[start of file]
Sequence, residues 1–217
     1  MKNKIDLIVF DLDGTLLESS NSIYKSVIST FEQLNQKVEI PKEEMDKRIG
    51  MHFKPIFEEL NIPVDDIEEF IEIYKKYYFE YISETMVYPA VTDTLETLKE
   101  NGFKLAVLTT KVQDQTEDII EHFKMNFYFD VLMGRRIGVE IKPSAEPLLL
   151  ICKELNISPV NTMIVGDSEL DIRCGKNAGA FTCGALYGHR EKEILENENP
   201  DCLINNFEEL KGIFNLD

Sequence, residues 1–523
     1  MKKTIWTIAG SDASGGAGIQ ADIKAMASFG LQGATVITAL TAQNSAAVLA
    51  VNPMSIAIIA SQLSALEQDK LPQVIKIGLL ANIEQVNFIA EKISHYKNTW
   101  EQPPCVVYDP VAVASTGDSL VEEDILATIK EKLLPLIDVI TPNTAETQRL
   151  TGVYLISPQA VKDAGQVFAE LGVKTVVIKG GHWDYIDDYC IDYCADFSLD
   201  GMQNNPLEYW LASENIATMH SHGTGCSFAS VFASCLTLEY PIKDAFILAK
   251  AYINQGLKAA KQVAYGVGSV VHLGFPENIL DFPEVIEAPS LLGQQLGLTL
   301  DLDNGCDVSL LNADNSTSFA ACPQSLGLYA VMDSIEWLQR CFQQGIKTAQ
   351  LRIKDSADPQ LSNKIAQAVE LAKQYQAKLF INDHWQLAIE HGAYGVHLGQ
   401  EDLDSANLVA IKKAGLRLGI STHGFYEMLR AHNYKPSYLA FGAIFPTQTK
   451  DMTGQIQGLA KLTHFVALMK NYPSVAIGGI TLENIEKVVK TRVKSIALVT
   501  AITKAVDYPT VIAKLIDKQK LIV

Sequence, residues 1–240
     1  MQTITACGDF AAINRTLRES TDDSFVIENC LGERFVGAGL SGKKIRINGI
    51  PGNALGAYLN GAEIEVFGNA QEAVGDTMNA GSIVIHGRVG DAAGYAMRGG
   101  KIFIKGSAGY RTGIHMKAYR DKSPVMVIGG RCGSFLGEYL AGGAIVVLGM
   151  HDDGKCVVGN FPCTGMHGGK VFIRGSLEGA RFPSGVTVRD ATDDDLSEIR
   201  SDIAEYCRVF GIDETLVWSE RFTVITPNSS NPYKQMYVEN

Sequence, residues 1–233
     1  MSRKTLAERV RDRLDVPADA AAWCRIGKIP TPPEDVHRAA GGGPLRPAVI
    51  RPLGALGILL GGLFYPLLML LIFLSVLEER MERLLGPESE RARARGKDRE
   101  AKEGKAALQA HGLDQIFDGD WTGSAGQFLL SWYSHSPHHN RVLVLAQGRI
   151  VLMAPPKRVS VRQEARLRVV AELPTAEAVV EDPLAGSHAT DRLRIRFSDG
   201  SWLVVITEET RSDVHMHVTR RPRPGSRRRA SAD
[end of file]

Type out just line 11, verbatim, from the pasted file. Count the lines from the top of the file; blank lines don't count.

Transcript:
   151  TGVYLISPQA VKDAGQVFAE LGVKTVVIKG GHWDYIDDYC IDYCADFSLD